I wrote about John Muir yesterday as I missed the John Muir day but was only recently introduced to another fantastic writer Nan Shepherd about 10 years ago. There was a short piece on the TV last night and a great insight into this free spirit. She loved the Cairngorms and the mountains and wrote so passionately and in a unique style about the land nature and days, nights and weeks, out alone in the hills. She wrote her book the “Living Mountain” and it was not accepted by publishers for many years. It lay in drawer and was re found. Why was it refused was it due to the male domination of that time of mountaineering books and this was a softer approach and a feel of the wild places in very page. The book is to me a masterpiece one to read again and again, underline the words that flow like the music of nature. There are so many gems in it and I love it when I read that a friend was having a relaxing day with a glass of wine reading this book. I give a copy to many that take up a love of the mountains and the wild and looking forward to Lexi and Ellie Skye my Grand kids reading and enjoying this book.
How many are on our £5 note well done who ever thought of that.
“The image of Nan Shepherd which now graces a £5 bank note is a curious one. She looks as if she is in fancy-dress as a Native American, or a flapper more concerned with the Charleston than the Cairngorms. The photo has the strange band around her head and it is a piece of photographic film she hastily wrapped around her brow on a whim, before placing a broach in the middle. It is an image which seems to blur the technological and the primitive, the futuristic and the chthonic, the avant-garde and the elemental. To that extent, it is the perfect image for this strange, inspiring writer. It is magic like the lady!”
The reverse of the £5 note features two mackerel, the Scottish fishing industry’s single most valuable stock, as well as an excerpt from Sorley MacLean’s poem The Choice.
Behind the portrait sits a picture of the Cairngorms, which she celebrated in her writing, as well as a quote from her book The Living Mountain.
The £10 note shows two otters at play on the reverse and an excerpt from the poem ‘Moorings’ by Norman MacCaig.
Burntisland Beach, where Mary Somerville lived as a child, features behind the portrait, along with a quote from her work The Connection of the Physical Sciences.
Anna (Nan) Shepherd was born in 1893 and died in 1981. Closely attached to Aberdeen and her native Deeside, she graduated from her home university in 1915 and for the next forty-one years worked as a lecturer in English. An enthusiastic gardener and hill-walker, she made many visits to the Cairngorms with students and friends. She also travelled further afield – to Norway, France, Italy, Greece and South Africa – but always returned to the house where she was raised and where she lived almost all of her adult life, in the village of West Cults, three miles from Aberdeen on North Deeside.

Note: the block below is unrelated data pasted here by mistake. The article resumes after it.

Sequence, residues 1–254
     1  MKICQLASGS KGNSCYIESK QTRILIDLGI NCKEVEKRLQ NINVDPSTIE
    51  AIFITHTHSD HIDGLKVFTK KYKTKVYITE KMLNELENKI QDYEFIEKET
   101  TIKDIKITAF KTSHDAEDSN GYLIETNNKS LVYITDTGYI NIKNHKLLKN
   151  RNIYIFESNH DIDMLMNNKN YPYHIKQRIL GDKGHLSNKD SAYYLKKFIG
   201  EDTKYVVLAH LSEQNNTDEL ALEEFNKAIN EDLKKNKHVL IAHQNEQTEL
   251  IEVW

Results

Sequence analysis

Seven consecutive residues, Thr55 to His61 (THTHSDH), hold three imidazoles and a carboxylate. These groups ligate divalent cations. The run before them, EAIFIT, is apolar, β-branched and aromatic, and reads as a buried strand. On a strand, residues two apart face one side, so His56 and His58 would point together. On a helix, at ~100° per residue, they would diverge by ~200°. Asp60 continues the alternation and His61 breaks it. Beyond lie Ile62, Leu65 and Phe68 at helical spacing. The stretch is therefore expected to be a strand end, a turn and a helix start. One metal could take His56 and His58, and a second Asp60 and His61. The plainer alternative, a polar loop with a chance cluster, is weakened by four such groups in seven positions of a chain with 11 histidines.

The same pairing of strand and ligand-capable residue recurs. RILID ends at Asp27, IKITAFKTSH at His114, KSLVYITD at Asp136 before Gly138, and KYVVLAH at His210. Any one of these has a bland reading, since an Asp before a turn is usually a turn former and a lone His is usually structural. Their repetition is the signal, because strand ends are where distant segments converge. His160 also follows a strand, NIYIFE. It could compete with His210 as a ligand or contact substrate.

In this masterpiece of nature writing, Nan Shepherd describes her journeys into the Cairngorm mountains of Scotland. There she encounters a world that can be breathtakingly beautiful at times and shockingly harsh at others. Her intense, poetic prose explores and records the rocks, rivers, creatures and hidden aspects of this remarkable landscape.
Shepherd spent a lifetime in search of the ‘essential nature’ of the Cairngorms; her quest led her to write this classic meditation on the magnificence of mountains, and on our imaginative relationship with the wild world around us. Composed during the Second World War, the manuscript of The Living Mountain lay untouched for more than thirty years before it was finally published.
“Yet often the mountain gives itself most completely when I have no destination, when I reach nowhere in particular, but have gone out merely to be with the mountain as one visits a friend with no intention but to be with him.”
Nan Shepherd, The Living Mountain: A Celebration of the Cairngorm Mountains of Scotland
“The Cairngorm water is all clear. Flowing from granite, with no peat to darken it, it has never the golden amber, the ‘horse-back brown’ so often praised in Highland burns. When it has any colour at all, it is green, as in the Quoich near its linn. It is a green like the green of winter skies, but lucent, clear like aquamarines, without the vivid brilliance of glacier water. Sometimes the Quoich waterfalls have violet playing through the green, and the pouring water spouts and bubbles in a violet froth.”
― Nan Shepherd, The Living Mountain: A Celebration of the Cairngorm Mountains of Scotland
Summit of Corrie Etchachan – Poem
“But in the climbing ecstasy of thought,
Ere consummation, ere the final peak,
Come hours like this. Behind, the long defile,
The steep rock-path, alongside which, from under
Snow-caves, sharp-corniced, tumble the ice-cold waters.
And now, here, at the corrie’s summit, no peak,
No vision of the blue world, far, unattainable,
But this grey plateau, rock-strewn, vast, silent,
The dark loch, the toiling crags, the snow;
A mountain shut within itself, yet a world,
Immensity. So may the mind achieve,
Toiling, no vision of the infinite,
But a vast, dark and inscrutable sense
Of its own terror, its own glory and power.
from In the Cairngorms (Edinburgh: The Moray Press, 1934)
Reproduced by permission of the Estate of Nan Shepherd.”